7 A little bit of history The Yoneda lemma and Yoneda embedding are named after the Japanese mathematician Nobuo Yoneda ( ). The Yoneda lemma was stated and popularized by Saunders Mac Lane after he met Yoneda. In texts like SGA, the Yoneda lemma is used extensively without ever mentioning Yoneda. The origin of the lemma is an article on homological algebra Nobuo Yoneda. On the Homology Theory of Modules. Journal of the Faculty of Science, the University of Tokyo. Sect. 1 A, Mathematics Vol. 7 No. 2, p MR In this article Yoneda introduced what is known now as the Yoneda Ext, which is a construction of Ext n (M, N) that does not use derived functors and coincides with the usual definition Ext n (M, N) := R n Hom(M, )(N) when the base category has enough injective objects. Then Yoneda mentions something which corresponds to the following curious result. Let F : A Ab be an additive functor defined on an abelian category A (Yoneda uses the term A-module ). Then for each X Ob(A) one has the functor Hom A (X, ) : A Ab represented by X and a natural isomorphism of abelian groups Similarly, for representable contravariant functors Nat(Hom A (X, ), F) = F(X). (L 0 ) Nat(Hom A (, X), F) = F(X). (R 0 ) This is an abelian version of what we know nowadays as Yoneda lemma. Under the assumption that A has enough injective/projective objects, this generalizes to isomorphisms and Nat(Ext n A (X, ), F) = L n F(X) (L n ) Nat(Ext n A (, X), F) = R n F(X). (R n ) 7

8 This is an interesting interpretation of derived functors! One possible modern reference for this result is A Course in Homological Algebra by Hilton and Stammbach. I took some time to track Yoneda s paper in the library. On pages he mentions the formulas (L 0 ) and (R 0 ), and then uses (L n ) and (R n ) as the definitions for L n F and R n X. If I understand correctly, then Yoneda shows that these definitions coincide with the usual ones. Here s the relevant part of his text (Yoneda uses the term satelite, and for a right exact functor F its satellite S n F is naturally isomorphic to the left derived functor L n F, while for a left exact functor F its satellite S n F is naturally isomorphic to R n F). Every presheaf is a it of representable presheaves Observation. 1) Every presheaf may be seen in a canonical way as a it of the representable presheaves. Namely, we have F = (Hom C (,X) F) C F Hom C (, X), where C F is the category where the objects are presheaf morphisms Hom C(, X) F, and morphisms in C F are morphisms f : X Y in C that induce commutative diagrams of 8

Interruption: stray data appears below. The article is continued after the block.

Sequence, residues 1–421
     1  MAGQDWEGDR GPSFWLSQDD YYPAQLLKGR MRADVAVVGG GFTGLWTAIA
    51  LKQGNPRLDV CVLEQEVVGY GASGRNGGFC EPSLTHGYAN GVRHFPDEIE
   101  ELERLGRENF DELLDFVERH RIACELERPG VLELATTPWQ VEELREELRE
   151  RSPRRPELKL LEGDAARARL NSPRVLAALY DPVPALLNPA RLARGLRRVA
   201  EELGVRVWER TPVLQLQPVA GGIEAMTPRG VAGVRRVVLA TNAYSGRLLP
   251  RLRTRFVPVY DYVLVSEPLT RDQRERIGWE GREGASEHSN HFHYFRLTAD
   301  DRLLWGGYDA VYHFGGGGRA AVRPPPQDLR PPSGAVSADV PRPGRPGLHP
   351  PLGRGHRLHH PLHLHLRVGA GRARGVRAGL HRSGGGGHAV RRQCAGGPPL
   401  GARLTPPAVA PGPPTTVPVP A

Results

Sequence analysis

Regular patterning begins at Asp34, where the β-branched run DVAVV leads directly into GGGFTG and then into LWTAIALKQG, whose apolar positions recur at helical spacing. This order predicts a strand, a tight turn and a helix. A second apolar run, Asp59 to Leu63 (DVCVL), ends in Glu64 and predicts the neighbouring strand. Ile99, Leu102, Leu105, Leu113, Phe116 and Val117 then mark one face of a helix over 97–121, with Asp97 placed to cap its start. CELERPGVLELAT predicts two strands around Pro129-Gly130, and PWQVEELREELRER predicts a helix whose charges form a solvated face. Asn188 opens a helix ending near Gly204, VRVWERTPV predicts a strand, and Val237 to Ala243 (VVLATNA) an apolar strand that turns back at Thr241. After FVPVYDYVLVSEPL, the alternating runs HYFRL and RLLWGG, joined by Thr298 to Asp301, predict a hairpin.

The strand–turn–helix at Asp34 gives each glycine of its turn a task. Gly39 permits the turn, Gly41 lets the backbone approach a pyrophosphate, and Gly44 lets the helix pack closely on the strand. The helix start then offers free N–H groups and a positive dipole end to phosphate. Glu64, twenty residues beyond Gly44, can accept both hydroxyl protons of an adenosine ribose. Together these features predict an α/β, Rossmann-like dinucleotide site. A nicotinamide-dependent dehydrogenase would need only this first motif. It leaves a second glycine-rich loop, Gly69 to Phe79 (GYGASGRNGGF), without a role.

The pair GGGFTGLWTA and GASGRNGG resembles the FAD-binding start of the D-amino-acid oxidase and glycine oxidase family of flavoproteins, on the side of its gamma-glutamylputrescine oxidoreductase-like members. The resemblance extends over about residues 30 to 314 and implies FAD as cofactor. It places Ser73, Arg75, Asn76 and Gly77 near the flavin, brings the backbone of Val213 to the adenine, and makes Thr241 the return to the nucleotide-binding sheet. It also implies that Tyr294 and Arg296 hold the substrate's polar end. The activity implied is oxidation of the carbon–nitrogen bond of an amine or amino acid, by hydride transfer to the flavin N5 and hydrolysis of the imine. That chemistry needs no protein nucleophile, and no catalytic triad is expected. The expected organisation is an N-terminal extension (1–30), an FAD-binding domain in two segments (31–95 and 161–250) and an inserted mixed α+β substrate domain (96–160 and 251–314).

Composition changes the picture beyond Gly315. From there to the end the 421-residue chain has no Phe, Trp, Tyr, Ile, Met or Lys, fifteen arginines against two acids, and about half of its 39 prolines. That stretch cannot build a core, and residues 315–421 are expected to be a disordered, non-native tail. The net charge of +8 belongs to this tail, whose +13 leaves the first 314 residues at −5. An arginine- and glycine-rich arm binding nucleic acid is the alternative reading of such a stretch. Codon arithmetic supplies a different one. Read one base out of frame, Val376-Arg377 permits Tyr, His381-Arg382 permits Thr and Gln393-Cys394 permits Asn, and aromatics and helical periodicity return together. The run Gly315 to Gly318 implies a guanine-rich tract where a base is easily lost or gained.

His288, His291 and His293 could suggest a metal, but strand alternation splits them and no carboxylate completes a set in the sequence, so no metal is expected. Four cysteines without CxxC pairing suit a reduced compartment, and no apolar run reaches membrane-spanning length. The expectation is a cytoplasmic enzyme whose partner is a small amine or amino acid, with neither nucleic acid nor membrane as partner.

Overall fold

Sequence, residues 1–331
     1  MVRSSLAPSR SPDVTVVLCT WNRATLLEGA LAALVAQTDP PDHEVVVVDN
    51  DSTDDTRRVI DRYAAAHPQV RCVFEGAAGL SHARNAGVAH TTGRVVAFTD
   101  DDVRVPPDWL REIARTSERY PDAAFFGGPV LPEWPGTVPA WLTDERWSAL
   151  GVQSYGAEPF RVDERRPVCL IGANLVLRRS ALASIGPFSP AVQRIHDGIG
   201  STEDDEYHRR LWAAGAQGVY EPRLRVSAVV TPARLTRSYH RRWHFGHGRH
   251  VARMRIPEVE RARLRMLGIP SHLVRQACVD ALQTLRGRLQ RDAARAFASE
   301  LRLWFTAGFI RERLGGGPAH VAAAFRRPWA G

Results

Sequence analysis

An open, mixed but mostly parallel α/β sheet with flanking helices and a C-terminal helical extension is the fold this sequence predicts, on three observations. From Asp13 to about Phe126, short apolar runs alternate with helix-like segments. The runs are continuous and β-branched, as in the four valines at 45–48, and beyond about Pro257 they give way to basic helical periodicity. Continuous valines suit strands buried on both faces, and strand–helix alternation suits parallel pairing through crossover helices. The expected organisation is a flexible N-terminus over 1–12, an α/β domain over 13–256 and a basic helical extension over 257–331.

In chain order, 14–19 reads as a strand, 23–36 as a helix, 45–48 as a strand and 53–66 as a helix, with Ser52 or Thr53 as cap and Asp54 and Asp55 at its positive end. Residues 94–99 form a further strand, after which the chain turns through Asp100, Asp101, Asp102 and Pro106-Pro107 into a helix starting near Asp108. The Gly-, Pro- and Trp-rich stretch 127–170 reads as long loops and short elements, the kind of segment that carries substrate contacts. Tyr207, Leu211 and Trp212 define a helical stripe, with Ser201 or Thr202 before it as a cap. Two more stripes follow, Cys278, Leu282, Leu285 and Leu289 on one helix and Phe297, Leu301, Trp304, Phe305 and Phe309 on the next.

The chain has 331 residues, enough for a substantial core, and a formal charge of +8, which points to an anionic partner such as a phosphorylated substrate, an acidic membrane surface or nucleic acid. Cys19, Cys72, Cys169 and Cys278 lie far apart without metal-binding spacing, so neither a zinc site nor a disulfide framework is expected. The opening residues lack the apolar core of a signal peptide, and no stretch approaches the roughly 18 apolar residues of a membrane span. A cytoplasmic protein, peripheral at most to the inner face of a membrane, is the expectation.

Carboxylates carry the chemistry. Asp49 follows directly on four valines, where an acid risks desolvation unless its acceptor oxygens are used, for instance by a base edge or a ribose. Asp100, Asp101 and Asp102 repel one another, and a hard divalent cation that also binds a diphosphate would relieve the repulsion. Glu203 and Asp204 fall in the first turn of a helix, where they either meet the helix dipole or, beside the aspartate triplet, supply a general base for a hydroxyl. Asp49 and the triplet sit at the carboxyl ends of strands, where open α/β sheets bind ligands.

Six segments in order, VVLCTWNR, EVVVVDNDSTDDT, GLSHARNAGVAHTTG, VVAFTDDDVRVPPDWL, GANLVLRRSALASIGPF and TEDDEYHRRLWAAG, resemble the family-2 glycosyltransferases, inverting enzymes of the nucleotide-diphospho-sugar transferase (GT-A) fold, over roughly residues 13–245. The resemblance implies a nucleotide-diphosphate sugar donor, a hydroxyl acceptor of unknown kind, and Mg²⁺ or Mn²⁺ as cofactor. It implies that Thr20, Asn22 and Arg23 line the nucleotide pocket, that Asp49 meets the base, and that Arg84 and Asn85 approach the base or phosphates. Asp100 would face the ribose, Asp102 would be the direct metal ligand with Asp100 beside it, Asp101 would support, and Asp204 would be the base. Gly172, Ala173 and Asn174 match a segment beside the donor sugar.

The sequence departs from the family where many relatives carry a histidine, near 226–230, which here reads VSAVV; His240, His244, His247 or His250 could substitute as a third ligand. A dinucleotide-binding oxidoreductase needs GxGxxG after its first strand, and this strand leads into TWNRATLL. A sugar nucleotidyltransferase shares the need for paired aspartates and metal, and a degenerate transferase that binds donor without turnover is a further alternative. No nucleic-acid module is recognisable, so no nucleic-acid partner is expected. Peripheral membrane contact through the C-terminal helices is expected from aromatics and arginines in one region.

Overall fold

9 presheaves Hom C (, X) f Hom C (, Y). F 2) In particular, for every pair of presheaves F and G there is a natural bijection HomĈ(F, G) = lim (Hom C (,X) F) G(X). C F First of all, we see that part 2) is a consequence of 1), the fact that HomĈ(, G) converts its to limits, and the Yoneda lemma: HomĈ(F, G) = HomĈ( (Hom C (,X) F) Hom C (, X), G) C F = lim (Hom C (,X) F) C F HomĈ(Hom C (, X), G) = lim (Hom C (,X) F) C F G(X). Part 1) seems to be more interesting, and in fact it s a very important principle, but it turns out to be something tautological as well, and it may be easily seen from the construction of the category C F. By the Yoneda lemma, each morphism of presheaves Hom C (, X) F corresponds to an element x F(X), and the category C F has the following equivalent description: the objects are pairs (X Ob(C), x F(X)), the morphisms are f : X Y in C such that F( f )(y) = x. Because of that the category C F is also known as the category of elements of F. Then, by the definition of C F, the presheaf F gives a cocone with respect to (Hom C (,X) F) C F Hom C(, X), i.e. there are commutative diagrams Hom C (, X) f Hom C (, Y). F Then, for any other presheaf G that gives a cocone Hom C (, X) f Hom C (, Y) F G 9

10 there is a unique morphism of presheaves F G making the diagram commute. Indeed, by the equivalent description of C F, the commutative diagrams as above mean that for each X Ob(C) and x F(X) one has x G(X), such that for every morphism f : X Y in C F( f )(y) = x and G( f )(y ) = x. (*) The required morphism of presheaves is given by τ X : F(X) G(X), x x, and its naturality in X is the condition (*). This shows the formula 1). Here are some observations: The Yoneda embedding C Ĉ preserves limits: for any functor F : I C we have Hom C (, lim F(i)) = lim Hom C (, F(i)) (in a sense, this is dual to the fact that Hom C ( F(i), ) = lim Hom C (F(i), )). So a limit of representable presheaves is also a representable presheaf. The above observation is about its. If F = Hom C (, X) is a representable presheaf, then C F has a terminal object, which is the identity morphism Hom C (, X) Hom C (, X): Hom C (, Y)! Hom C (, X) Hom C (, X) id and because of that C Hom C(,X) Hom C(, Y) is isomorphic to Hom C (, X). Let X be a topological space and let Open(X) be the corresponding category of open subsets. A representable presheaf in this case is something boring, as Hom Open(X) (U, V) is either a one element set or an empty set. The category Open(X) F is formed by pairs (V, x) where V X is an open subset and x F(V). A morphism (V, x) (W, y) is an inclusion V W such that res WV (y) = x. The it (V,x) Hom Open(X) (U, V) Open(X) F is given by a disjoint union / / V X x F(V) Hom Open(X) (U, V) = V X x F(V) U V { } = V X U V F(V) where in the las expression identifies x F(V) with y F(W) if res WV (y) = x. So the it formula gives in this case F(U) = F(V), V X U V which is something obvious. /, 10